by Paul Bench
The doomed love of Violetta and Alfredo is played out to its tragic end in the English National Opera’s current staging of La Traviata, directed by Peter Konwitschny. The familiar tale of society’s intervention in the course of true love is perhaps most notable in this case for the lack of appreciable balance in narrative bias. No character is really bad. Whilst the audience is driven to question the morals of society and its judgements of Violetta, and by extension the social archetype she in part represents, no ultimate blame is assigned and there is no counterpoint to the virtue almost uniformly embodied by all characters. However, it is Violetta that becomes the eponymous fallen woman, at the behest of a nameless and invisible fate. In this way Violetta is perceived as a symbol of her social position, with a suggestion that even though the narrative substantiates her virtue, her status as a single woman of means is more precarious than that of others, and virtue is no guarantee of worldly success. In this way the opera is an indictment of society’s corrupt standards.
The spare staging of the production, which places Violetta – played by Elizabeth Zaroff – at its centre, expertly positions itself within a tradition of utilising notions of theatre and theatricality to extend its meaning. This is most obvious in the use of and constant reference to the red curtain. Both explicitly and by visual association the curtain is invoked as a metaphor as well as a physical prop, in a manner that is reminiscent of its equivalent in the films of David Lynch. It creates a frequently destabilised method of demi-concealment and encourages a view of the action on stage as essentially performed artifice, a metaphor which is extended outwards to the audience’s own performed social acts and identity. The audience is thus drawn into the action and prompted to critique it with reference to themselves.
The first version of Violetta as the archetypal courtesan socialite is expressed and supported by a dark bobbed wig and red dress with wide box pleats. During ebullient party scenes, movement and positioning reveal a surfeit of fabric with multiple hidden pleats for voluminous effect. The dress is structured and made of a wine red changeant cloth that emphasises the pleats, subtly but purposefully creating a visual link with the folds of the red curtain. Violetta’s dress fixes her both as the centre of the narrative and as a figure somehow apart from the other characters, a typified and acknowledged figure of the theatrical experience.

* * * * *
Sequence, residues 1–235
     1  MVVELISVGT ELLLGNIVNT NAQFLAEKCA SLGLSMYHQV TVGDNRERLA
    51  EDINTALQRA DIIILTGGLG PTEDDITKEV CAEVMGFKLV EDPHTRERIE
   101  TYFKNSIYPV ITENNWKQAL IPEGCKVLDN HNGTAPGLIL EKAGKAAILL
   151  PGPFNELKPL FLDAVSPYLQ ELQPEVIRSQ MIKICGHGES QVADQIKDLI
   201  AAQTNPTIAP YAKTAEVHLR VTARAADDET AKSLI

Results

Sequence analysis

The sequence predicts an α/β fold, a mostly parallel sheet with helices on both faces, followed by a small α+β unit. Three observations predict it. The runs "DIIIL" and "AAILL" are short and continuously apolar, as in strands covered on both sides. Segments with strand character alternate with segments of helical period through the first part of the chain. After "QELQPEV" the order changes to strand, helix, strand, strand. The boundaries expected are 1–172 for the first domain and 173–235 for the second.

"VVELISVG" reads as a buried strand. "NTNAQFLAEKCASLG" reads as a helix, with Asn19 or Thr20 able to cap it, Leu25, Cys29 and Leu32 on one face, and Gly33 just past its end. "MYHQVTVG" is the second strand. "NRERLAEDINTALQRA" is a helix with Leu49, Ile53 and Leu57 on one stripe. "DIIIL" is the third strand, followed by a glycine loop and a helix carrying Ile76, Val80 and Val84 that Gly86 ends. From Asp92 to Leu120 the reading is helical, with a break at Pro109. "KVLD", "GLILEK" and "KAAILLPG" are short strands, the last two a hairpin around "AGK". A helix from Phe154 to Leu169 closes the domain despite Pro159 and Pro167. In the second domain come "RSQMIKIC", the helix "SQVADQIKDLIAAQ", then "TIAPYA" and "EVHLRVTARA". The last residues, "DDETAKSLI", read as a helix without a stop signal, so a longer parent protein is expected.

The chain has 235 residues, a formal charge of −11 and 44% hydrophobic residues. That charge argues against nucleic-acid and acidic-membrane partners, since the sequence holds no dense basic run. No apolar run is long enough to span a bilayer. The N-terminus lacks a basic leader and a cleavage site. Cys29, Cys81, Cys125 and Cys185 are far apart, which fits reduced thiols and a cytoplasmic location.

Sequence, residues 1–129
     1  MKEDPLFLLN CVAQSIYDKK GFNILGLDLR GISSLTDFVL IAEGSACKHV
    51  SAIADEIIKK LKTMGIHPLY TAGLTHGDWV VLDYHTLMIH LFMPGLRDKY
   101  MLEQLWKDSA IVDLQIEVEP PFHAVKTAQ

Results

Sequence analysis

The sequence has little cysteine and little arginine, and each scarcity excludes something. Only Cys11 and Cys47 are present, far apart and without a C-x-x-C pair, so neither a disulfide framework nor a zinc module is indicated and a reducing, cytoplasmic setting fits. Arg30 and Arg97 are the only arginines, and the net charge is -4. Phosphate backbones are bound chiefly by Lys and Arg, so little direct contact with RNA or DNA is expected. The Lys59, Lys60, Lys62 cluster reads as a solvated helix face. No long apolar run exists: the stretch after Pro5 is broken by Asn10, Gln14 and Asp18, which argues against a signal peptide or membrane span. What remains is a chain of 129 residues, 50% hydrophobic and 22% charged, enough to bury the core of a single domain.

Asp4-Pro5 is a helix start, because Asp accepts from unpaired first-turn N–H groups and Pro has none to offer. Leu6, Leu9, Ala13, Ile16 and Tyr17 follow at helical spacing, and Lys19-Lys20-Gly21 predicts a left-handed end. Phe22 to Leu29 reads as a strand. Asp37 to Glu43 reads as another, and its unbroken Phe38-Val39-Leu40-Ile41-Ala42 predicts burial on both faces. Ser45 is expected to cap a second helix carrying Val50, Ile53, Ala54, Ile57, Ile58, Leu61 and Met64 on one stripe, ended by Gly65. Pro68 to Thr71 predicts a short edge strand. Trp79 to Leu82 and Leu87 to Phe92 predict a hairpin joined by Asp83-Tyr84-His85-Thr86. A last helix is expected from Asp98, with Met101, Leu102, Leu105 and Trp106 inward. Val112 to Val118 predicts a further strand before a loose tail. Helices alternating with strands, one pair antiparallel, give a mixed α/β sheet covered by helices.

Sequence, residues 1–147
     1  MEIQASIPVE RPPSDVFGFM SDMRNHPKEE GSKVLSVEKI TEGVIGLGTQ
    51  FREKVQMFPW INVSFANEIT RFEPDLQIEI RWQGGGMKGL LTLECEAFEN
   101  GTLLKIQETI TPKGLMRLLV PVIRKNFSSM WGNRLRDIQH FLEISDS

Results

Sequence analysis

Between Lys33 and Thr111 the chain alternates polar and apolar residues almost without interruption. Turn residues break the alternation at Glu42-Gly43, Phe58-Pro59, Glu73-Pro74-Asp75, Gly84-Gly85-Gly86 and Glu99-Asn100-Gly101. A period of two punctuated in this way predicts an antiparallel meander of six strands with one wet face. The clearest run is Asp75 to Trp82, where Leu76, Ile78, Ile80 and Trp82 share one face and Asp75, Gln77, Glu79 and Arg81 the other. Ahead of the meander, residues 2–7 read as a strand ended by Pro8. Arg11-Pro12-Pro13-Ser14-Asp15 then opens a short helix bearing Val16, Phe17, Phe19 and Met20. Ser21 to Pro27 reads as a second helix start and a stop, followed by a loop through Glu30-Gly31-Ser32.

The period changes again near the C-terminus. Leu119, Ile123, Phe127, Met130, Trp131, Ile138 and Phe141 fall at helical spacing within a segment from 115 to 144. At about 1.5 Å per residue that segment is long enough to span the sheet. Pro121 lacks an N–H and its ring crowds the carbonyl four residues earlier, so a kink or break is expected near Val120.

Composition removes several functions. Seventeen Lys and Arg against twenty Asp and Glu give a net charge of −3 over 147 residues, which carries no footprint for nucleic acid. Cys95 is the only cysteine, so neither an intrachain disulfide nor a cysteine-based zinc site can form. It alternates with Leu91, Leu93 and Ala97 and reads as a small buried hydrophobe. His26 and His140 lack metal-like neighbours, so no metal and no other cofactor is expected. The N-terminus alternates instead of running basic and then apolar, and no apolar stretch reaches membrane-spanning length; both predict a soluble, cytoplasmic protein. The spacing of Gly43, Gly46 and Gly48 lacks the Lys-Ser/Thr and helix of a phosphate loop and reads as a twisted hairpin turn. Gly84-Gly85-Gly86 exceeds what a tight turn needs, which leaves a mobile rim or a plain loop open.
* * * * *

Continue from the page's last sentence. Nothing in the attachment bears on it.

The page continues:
Two further incarnations see Violetta dressed in a checked shirt that retains the recurring red and black palette, and in black dresses with more fluid silhouettes. These contrasts delineate clear narrative turns. The casual red checked shirt is distinctly aligned with a persona attached to the countryside where Violetta briefly resides with Alfredo, whilst the black chiffon or satin connotes a funereal delicacy in stark contrast to the structured pleats of the waisted style of the first act. The partial transparency and cut of the black costume enables and emphasises the movement required to perform the almost balletic physicality of the closing scenes depicting Violetta’s illness, delusional recovery and finally her death. The move from voluminous structure to diaphanous abbreviated form that echoes the intimacy of underwear, clearly parallels the narrative arc. Violetta appears physically through her dress as more fragile, exposed and solitary.
This decline is most affectingly enacted during Violetta’s physically ambivalent positioning amongst other sprawling bodies pressed to the floor in a scene that anticipates her reunion with Alfredo. Here she is camouflaged, lost to the audience amongst the other figures clothed in black and the black of the stage itself. Her voice calls out imploringly for Alfredo but her position in the crowd cannot be divined. This scene is given additional force by Violetta’s sudden anonymity following a hitherto visual prominence. Her black dress distances her and seems to articulate visually the illness that is drawing Violetta away from the other characters and audience. Her desperation for Alfredo parallels a human desperation for life.
Each stage of Violetta’s progress and therefore that of the play is mirrored not only in her costume, but also by her hair. The first style is a blunt black bob, which is followed by a blonde wig tied with a silk scarf and finally an auburn style. Alongside the adoption of the stage curtain as physical device and metaphor, this is the most ingenious device of the production. In the absence of physical props to establish a sense of place, Violetta’s hair colour defines narrative sequence and location. The alternating of hair type could border on the absurd but instead functions to identify Violetta with artificiality or disguise. This also emphasises a key holistic theme of the opera that posits visuality as potentially unreliable, and life as a performance couched in artifice.
This theme of visual truth or artifice is repeated with the ever significant curtain. At times the traditional curtain is replicated by further partial curtains spaced farther into the depth of the stage, drawing the audience perception into an infinite shadowy blackness. What is not immediately apparent is that these curtains are not of heavy velvet but are chiffon painted with trompe l’oeil effect to resemble these. This is used to dramatic effect in scenes when they are pulled down, in much the same way that the artifice of the wig is exposed in its physical removal before Violetta’s death and assent to heaven. This provides a visual metaphor for the exposure of the authentic and appears as the central theme of the opera, expressed visually and combined with the aural to maximum effect.
La Traviata runs 9th – 13th March 2015. For more information, visit http://www.eno.org/whats-on/la-traviata